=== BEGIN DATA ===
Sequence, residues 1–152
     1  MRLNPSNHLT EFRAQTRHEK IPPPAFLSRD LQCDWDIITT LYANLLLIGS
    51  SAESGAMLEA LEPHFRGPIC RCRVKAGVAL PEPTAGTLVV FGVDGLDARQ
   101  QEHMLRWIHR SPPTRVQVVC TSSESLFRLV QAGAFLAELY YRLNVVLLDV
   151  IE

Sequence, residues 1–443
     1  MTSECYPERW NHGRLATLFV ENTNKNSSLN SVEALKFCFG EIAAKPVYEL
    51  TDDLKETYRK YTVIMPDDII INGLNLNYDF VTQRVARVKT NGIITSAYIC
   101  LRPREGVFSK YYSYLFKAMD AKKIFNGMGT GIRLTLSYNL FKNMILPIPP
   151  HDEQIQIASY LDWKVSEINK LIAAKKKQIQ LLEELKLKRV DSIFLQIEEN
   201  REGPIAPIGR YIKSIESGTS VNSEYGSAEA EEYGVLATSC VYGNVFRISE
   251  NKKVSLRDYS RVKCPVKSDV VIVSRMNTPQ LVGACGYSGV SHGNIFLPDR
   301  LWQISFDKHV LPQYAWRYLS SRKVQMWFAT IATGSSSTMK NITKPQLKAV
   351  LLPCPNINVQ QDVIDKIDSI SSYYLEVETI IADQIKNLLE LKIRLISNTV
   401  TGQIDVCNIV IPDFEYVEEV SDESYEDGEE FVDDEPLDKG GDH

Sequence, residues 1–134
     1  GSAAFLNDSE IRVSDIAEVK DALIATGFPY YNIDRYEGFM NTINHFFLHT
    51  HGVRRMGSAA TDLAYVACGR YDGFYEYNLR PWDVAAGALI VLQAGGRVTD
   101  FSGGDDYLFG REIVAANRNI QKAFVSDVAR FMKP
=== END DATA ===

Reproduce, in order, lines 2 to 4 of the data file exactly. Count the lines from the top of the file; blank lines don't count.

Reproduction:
     1  MRLNPSNHLT EFRAQTRHEK IPPPAFLSRD LQCDWDIITT LYANLLLIGS
    51  SAESGAMLEA LEPHFRGPIC RCRVKAGVAL PEPTAGTLVV FGVDGLDARQ
   101  QEHMLRWIHR SPPTRVQVVC TSSESLFRLV QAGAFLAELY YRLNVVLLDV